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, my name is Ross Eisenberg, and I am Vice President of Energy and Resources Policy at the National Association of Manufacturers. The NAM is the largest industrial trade association in the U.S. representing over 13,000 small, medium and large manufacturers in all 50 states. The NAM is the leading voice for the manufacturing economy in Washington, DC, which provides millions of high wage jobs in the U.S. and generates more than $1.7 trillion in GDP. In addition, two-thirds of NAM members are small businesses, which serve as the engine for job growth. Our mission is to enhance the competitiveness of manufacturers and improve American living standards by shaping a legislative and regulatory environment conducive to U.S. economic growth. We appreciate the opportunity to provide comments at this public hearing.
Through these proposed New Source Performance Standards for Electric Generating Units, the EPA is proposing a dramatic and fundamental change to the scope and application of the Section 111 NSPS program under the
Clean Air Act that will have long-term implications for energy and environmental policy in the United States.
Key Comments: The NAM and our member companies are committed to protecting the environment through greater environmental sustainability, increased energy efficiency and conservation, and reducing greenhouse gas emissions. However, we know the U.S. cannot solve the climate change issue alone. The establishment of federal policies to reduce greenhouse gas emissions must therefore be done in a thoughtful, deliberative and transparent process that ensures a competitive level playing field for U.S. companies in the global marketplace. The EPA’s proposed NSPS is a domestic-only policy that sets a dangerous precedent: that regulations, as opposed to the market, decide which fuels should be utilized in facilities, a precedent which could cascade to other manufacturing sectors. And despite the EPA’s assurances that the rule will not affect existing plants, the EPA in a voluntary settlement agreement has committed to regulate GHG emissions from existing facilities under the same provision, and groups testifying today have urged the EPA to do so immediately.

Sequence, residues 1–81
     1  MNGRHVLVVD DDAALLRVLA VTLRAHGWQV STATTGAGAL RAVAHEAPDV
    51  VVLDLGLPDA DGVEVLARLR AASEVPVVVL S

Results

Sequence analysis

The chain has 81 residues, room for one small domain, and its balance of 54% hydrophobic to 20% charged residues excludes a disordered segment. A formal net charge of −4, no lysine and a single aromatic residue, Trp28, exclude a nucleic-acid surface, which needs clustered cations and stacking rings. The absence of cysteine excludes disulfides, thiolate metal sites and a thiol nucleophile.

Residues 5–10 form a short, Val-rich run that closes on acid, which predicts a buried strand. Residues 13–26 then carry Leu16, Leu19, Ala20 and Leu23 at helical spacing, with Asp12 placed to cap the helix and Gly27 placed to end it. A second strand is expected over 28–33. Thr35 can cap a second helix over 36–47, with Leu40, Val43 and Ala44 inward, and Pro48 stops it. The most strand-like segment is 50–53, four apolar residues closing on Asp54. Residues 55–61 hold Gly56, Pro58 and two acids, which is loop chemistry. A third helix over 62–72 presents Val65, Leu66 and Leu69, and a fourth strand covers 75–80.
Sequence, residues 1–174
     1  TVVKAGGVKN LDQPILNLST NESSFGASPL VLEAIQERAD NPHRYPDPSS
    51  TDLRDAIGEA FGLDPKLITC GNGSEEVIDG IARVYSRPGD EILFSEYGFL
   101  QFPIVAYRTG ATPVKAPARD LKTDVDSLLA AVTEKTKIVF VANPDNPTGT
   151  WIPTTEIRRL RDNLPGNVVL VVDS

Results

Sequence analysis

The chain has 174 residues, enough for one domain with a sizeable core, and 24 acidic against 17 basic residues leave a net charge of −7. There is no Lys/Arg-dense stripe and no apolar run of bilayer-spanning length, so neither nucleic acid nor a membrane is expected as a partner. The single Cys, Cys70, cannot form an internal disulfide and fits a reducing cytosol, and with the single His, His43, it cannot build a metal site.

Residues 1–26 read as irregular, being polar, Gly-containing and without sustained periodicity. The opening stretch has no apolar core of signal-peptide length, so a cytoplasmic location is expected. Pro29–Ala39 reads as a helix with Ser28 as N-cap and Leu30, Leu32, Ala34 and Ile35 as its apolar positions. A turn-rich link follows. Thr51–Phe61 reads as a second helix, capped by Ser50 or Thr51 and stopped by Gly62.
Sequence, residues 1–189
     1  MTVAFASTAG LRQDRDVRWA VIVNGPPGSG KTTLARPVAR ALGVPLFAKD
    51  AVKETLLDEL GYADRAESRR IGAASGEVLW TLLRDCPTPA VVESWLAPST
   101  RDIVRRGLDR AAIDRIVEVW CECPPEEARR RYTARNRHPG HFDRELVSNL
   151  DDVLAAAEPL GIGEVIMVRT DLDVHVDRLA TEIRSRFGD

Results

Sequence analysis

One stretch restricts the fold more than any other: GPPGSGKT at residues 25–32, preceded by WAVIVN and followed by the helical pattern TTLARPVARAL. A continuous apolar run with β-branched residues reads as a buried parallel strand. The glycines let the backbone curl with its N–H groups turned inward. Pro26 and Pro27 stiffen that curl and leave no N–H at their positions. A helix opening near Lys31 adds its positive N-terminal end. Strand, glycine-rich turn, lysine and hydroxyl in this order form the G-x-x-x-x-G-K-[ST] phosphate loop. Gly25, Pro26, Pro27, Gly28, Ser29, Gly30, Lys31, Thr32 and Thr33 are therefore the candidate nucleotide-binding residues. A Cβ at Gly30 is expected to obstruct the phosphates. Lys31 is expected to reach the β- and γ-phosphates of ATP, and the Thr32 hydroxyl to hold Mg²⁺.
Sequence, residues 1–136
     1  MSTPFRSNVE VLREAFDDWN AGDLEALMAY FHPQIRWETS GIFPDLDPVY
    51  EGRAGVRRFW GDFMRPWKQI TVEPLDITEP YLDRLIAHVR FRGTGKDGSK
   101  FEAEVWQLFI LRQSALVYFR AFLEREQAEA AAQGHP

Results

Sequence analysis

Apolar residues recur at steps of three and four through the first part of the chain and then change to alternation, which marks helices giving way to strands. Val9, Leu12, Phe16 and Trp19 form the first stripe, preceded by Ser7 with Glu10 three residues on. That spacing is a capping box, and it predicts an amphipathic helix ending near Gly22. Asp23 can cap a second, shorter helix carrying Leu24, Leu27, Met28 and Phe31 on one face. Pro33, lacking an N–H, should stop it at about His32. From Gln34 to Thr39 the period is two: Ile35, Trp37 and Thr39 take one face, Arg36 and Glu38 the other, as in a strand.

To issue this rule, the EPA must first make a finding that the source category “contributes significantly to air pollution which may reasonably be anticipated to endanger public health and welfare.” This Clean Air Act requirement of “significant contribution” is a fundamentally different finding than the EPA made in its prior endangerment finding for motor vehicles under Section 202, which cannot be relied upon as a backdrop for this regulation of utilities. Yet the EPA’s proposal failed to make the necessary finding of significant contribution of GHG emissions for the particular source category, which it is required to do here and for possible future regulations. The EPA’s proposed standard of 1,000 pounds of CO2 per megawatthour does not reflect the best demonstrated technology for greenhouse gas reductions from new conventional coal-fired power plants, although it can be accomplished by different types of power plants, namely natural gas plants and IGCC with carbon capture and storage. When applied to conventional coal-fired power plants, the EPA’s standard is inconsistent with the EPA’s own Best Available Control Technology (BACT) guidance for GHGs as well as plant-specific BACT determinations the EPA and states have made over the past 18 months. Of particular concern to manufacturers is that some groups
will argue that this 1,000 pounds/MWh standard should be applied as the BACT standard for other types of manufacturing facilities, both new and existing, which are required to get permits but not covered by this rule. The NAM therefore believes that the EPA should not proceed with the proposed NSPS rule at this juncture. The EPA has not met the prerequisites to do so and it has discretion to defer regulation. The Agency has an affirmative duty to “promote predictability and reduce uncertainty” under Executive Order 13,563. And the settlement agreement that gave rise to this regulation does not provide any legally binding requirement for issuing the regulations. It is not a judicially-approved consent decree, and it specifically disclaims having the force and effect of a legal requirement. If the EPA nonetheless intends to proceed, the NAM believes the Agency should consider withdrawing its proposal and restarting with an Advanced Notice of Proposed Rulemaking (ANPR). This action will provide greater certainty for manufacturers that will be subject to NSPS promulgated in the future.
Thank you for your attention, and the NAM looks forward to submitting a full set of comments to the agency.